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Details on Using Code Contracts

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InfoQ informed on the availability of Code Contracts for .NET. This time we want to offer more details on using Code Contracts, an important addition to .NET.

Before .NET 4.0, Contracts are added to a Visual Studio project by referencing the library Microsoft.Contracts.dll that is installed under %PROGRAMFILES%/Microsoft/Contracts/PublicAssemblies. .NET 4.0 will contain Contracts in mscorlib.dll. Contract validation can be specified to be executed statically at build time or dynamically at runtime. There are several types of contracts: Preconditions, Postconditions, Object Invariants, Assertions, Assumptions, Quantifiers, Interface Contracts, Abstract Method Contracts.

Preconditions are defined using Contract.Requires() and the result of its compilation appears in IL if the symbol CONTRACTS_FULL or CONTRACTS_PRECONDITIONS is used. An example is:

Contract.Requires( x ! = null );

This precondition is generally used for parameter validation when entering a method’s body as in the example below:

public Rational( int numerator, int denominator) {
   Contract.Requires( denominator ! = 0 );
   this .numerator = numerator;
   this .denominator = denominator;

If the condition specified by Contract.Requires() is not met, then Debug.Assert(false) is called followed by Environment.FailFast(). When a precondition is wanted to be present in the assembly, no matter what symbols are used during compilation, then Contract.RequiresAlways() should be used.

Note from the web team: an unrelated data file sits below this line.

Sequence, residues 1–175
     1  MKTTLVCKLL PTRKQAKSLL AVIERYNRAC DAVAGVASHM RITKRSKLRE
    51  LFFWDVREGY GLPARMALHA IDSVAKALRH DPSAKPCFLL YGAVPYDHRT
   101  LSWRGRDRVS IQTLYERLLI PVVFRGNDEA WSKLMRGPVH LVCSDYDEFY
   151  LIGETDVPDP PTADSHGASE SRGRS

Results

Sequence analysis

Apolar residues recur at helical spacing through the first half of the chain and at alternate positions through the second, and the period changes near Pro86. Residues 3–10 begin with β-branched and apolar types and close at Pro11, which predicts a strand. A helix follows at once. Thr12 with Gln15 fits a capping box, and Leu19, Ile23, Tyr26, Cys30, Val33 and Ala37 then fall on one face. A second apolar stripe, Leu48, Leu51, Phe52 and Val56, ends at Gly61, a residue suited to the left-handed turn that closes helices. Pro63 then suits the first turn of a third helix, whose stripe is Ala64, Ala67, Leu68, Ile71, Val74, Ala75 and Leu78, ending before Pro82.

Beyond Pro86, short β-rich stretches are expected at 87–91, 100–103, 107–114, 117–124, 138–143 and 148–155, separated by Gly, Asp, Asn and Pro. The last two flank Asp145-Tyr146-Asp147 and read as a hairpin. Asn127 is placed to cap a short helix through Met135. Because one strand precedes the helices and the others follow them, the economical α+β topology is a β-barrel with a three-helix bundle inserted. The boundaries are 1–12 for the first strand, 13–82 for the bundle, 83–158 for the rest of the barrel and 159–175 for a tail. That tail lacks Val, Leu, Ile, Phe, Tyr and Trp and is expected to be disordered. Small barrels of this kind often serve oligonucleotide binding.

Postconditions are contracts to be met when a methods ends, and are specified with Contract.Ensures() as in the next example:

public int Denominator {
  get {
     Contract.Ensures( Contract.Result<int>() != 0 );
     return this .denominator;

While the condition is specified before return, it is actually executed after the return value is computed but before the execution is handed to the caller.

Object Invariants are conditions specified for each instances of a class.

protected void ObjectInvariant () {
   Contract. Invariant ( this .denominator ! = 0 );

Other types of contracts are assertions, Contract. Assert(), and assumptions, Contract.Assume(). A failing Assers() will call Debug.Assert(false). Assumptions are similar to assertions at runtime, but differ during static verification. Assumptions are used to specify conditions that are supposed to be met but which the compiler cannot verify due to its limitations.

Interface Contracts are used to specify conditions for interfaces. They are specified using separate classes associated to the interfaces because an interface method declaration cannot have a body. The same is true for abstract methods contracts.

An example of a class using contracts is:


Useful links: InfoQ news on Code Contracts, Code Contracts Download (MSI), Code Contracts online documentation (PDF), Microsoft Research Code Contracts website.

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